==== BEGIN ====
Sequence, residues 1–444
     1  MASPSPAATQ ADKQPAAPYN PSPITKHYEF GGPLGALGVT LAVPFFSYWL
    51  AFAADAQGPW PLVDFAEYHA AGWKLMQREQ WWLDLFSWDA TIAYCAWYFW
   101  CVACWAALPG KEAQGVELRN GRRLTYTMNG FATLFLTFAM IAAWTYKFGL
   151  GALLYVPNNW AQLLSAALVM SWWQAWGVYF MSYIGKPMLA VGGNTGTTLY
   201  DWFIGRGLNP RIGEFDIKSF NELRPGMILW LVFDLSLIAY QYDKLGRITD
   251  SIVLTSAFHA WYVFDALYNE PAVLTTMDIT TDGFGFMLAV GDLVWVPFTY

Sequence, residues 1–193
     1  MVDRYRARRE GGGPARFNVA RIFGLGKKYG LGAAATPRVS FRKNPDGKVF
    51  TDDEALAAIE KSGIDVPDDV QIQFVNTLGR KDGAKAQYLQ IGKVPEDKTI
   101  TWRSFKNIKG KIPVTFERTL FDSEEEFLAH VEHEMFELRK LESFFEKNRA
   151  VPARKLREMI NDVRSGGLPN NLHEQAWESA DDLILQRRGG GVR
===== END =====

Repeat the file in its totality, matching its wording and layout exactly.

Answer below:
Sequence, residues 1–444
     1  MASPSPAATQ ADKQPAAPYN PSPITKHYEF GGPLGALGVT LAVPFFSYWL
    51  AFAADAQGPW PLVDFAEYHA AGWKLMQREQ WWLDLFSWDA TIAYCAWYFW
   101  CVACWAALPG KEAQGVELRN GRRLTYTMNG FATLFLTFAM IAAWTYKFGL
   151  GALLYVPNNW AQLLSAALVM SWWQAWGVYF MSYIGKPMLA VGGNTGTTLY
   201  DWFIGRGLNP RIGEFDIKSF NELRPGMILW LVFDLSLIAY QYDKLGRITD
   251  SIVLTSAFHA WYVFDALYNE PAVLTTMDIT TDGFGFMLAV GDLVWVPFTY

Sequence, residues 1–193
     1  MVDRYRARRE GGGPARFNVA RIFGLGKKYG LGAAATPRVS FRKNPDGKVF
    51  TDDEALAAIE KSGIDVPDDV QIQFVNTLGR KDGAKAQYLQ IGKVPEDKTI
   101  TWRSFKNIKG KIPVTFERTL FDSEEEFLAH VEHEMFELRK LESFFEKNRA
   151  VPARKLREMI NDVRSGGLPN NLHEQAWESA DDLILQRRGG GVR